Neil Young in "Neil Young Journeys." (Declan Quinn / Sony Pictures…)
There are moments in Jonathan Demme's new documentary,"Neil Young Journeys," when the saying "too close for comfort" comes to mind. The camera drops to focus on the lower half of Young's face mid-song, staying close enough and long enough that it's possible to identify color patterns of browns and grays in the stubble on his chin, to notice what looks to be bridgework on his teeth, to see the spit fly.
In those scenes, what he is singing recedes, upstaged by the stubble, spit and the rest. Given the influential singer-songwriter's always potent and poetic lyrics and that haunting minor key he long ago settled into, it is a surprising turn. It feels like an invasion, and an uncomfortable one at that. That closeness — between the veteran director, a seminal artist in his own right, and one of the great songwriters of recent generations — is what defines and at times undermines "Journeys." Young's almost mystical musicianship is what saves it.
The documentary is built around the singer's final performances in a solo tour that wrapped atToronto'shistoric Massey Hall in May of last year. It is a nearly silent night except for the music. Everything is stripped down to the bone, little conversation with the crowd, and Young quiet as he moves between instruments and song.
The set list, a mix of old and new, is a rarefied collection reflecting the rocker's eclectic stylistic range. Young is always a singular force onstage, where he is a master of so much — a harmonica that weeps, an electric guitar that wails, an acoustic that whispers, an organ that grinds and soars — and that strength provides the spine of the film.
But Demme is interested in a few other things. "Journeys" slips out for a bit of fresh air to chronicle the drive the director took with Young from the singer's hometown of Omemee, Ontario, to Massey Hall. The wheels are classic, a 1956 Crown Victoria, and the 66-year-old looks as if he's showing an old friend the sights.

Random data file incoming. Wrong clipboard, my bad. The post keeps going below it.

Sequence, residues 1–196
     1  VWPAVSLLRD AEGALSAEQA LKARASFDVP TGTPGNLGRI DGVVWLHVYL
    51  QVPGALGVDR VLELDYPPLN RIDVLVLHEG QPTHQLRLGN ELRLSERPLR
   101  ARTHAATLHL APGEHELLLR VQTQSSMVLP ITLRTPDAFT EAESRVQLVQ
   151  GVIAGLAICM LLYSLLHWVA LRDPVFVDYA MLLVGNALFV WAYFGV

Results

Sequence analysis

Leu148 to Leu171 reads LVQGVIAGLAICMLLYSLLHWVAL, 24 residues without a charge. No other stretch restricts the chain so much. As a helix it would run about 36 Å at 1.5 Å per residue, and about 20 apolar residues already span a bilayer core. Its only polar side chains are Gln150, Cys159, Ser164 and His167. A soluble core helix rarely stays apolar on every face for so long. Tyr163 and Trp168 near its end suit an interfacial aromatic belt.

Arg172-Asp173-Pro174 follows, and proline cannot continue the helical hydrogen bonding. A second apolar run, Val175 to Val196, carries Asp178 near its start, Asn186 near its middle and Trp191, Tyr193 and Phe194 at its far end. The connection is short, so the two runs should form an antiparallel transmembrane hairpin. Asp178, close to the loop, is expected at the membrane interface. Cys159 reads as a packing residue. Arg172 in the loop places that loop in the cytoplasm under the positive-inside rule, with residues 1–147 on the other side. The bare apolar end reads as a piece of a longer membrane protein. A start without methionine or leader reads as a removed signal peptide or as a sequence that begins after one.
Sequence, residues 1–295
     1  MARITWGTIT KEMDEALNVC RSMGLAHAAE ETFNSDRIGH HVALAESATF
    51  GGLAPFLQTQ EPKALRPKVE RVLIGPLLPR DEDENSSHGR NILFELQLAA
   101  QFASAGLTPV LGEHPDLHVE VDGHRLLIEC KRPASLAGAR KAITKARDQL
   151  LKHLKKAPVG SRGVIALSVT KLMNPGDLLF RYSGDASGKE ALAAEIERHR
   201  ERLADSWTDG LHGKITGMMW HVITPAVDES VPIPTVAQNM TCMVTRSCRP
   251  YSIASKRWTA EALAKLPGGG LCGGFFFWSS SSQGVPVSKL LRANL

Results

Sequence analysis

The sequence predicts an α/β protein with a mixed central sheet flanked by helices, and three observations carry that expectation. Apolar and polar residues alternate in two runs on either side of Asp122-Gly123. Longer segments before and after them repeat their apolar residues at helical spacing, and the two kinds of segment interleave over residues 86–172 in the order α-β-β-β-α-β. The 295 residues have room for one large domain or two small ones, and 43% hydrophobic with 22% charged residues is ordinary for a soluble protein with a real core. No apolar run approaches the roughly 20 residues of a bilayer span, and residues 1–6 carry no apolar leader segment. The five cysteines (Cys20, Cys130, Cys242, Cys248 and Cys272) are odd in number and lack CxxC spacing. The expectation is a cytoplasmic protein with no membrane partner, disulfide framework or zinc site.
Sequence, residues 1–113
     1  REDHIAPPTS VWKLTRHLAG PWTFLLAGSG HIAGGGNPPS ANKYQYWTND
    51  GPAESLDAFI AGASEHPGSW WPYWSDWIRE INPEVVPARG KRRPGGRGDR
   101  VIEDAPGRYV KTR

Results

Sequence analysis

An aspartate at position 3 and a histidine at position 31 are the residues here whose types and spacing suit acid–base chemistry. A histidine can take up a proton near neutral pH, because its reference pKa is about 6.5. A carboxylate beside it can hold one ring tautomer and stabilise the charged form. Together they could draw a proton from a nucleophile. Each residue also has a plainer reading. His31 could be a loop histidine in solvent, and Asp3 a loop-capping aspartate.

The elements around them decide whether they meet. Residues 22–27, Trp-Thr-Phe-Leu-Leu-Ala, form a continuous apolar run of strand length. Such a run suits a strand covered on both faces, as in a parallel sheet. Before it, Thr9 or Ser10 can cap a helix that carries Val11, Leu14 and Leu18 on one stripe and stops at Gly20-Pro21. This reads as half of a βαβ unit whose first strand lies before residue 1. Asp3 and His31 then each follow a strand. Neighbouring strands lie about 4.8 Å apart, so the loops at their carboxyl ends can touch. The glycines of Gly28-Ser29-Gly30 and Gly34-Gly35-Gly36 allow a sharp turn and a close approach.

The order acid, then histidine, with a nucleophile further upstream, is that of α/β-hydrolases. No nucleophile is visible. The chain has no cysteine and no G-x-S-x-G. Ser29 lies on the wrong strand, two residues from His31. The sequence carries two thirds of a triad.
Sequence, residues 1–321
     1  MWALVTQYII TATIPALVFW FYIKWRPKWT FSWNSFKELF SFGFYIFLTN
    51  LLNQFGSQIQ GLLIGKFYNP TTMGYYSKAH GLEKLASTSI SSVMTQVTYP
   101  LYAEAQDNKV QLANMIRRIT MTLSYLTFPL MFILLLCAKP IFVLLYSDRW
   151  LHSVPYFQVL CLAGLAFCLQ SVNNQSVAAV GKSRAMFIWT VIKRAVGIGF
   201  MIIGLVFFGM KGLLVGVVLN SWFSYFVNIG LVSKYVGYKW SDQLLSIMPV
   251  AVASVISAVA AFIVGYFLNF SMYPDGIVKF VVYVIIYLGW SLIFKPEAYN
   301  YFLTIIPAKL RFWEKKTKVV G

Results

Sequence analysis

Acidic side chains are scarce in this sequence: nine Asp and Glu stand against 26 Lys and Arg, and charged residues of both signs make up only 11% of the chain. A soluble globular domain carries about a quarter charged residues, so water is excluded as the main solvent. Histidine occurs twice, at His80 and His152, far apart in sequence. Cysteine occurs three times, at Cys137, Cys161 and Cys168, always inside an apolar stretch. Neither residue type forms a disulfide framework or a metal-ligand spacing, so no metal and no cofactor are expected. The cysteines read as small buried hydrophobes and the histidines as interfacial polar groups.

This is the third concert film Demme has done with the multiple Grammy winner, who wrote the Oscar-nominated title song for the director's 1993 AIDS drama "Philadelphia." Documentaries in general have always seemed passion projects for a director best known for his narrative work on films such as his Oscar-winning "The Silence of the Lambs" and more recently the critically acclaimed "Rachel Getting Married."
With Young, it is becoming a long conversation as well as an extraordinary archive of the singer's performances. It was better in the beginning — 2006's "Neil Young: Heart of Gold," anchored by an emotional Nashville concert a few months after the artist survived a brain aneurysm. In 2010, "Neil Young Trunk Show" featured performances and a lot of packing and unpacking of the objects that accompany him on tour. This film is all about the instruments, from Young's voice to the ones he plays. When the camera is not in the singer's face, cinematographer Declan Quinn makes the scenes look like portraiture, dark silhouettes of Young lost in the music, close-ups of the harmonica resting in a glass of water.
On the road to Massey Hall, the mood is light. It is a brilliantly sunny day as Young and the filmmaker make their way through the Canadian countryside. The artist fills in childhood memories: his favorite fishing spot; the school named after his late father, journalist-novelist Scott Young; the land where the family home once stood. The conversation stays very much on the surface, no deep reflections, just the sense that he is content.
Back onstage, he is afire. In a worn white straw fedora, loose linen jacket and jeans, he powers through classics such as "My, My, Hey Hey (Out of the Blue)," "Ohio," "Love and War." Then he goes impossibly soft for the ode to a child, "Leia." And "Helpless" is made more intimate having just driven with him through the "north Ontario... all my changes were there." The show and the film end with an electrifying version of "Walk With Me," Young pacing the stage, guitar screaming before it cuts to silence, broken seconds later by wild applause. This alone makes "Journeys" worth taking.
'Neil Young Journeys'
MPAA rating: PG for language including some drug references, and brief thematic material
Running time: 1 hour, 27 minutes
Playing: At the Nuart, West Los Angeles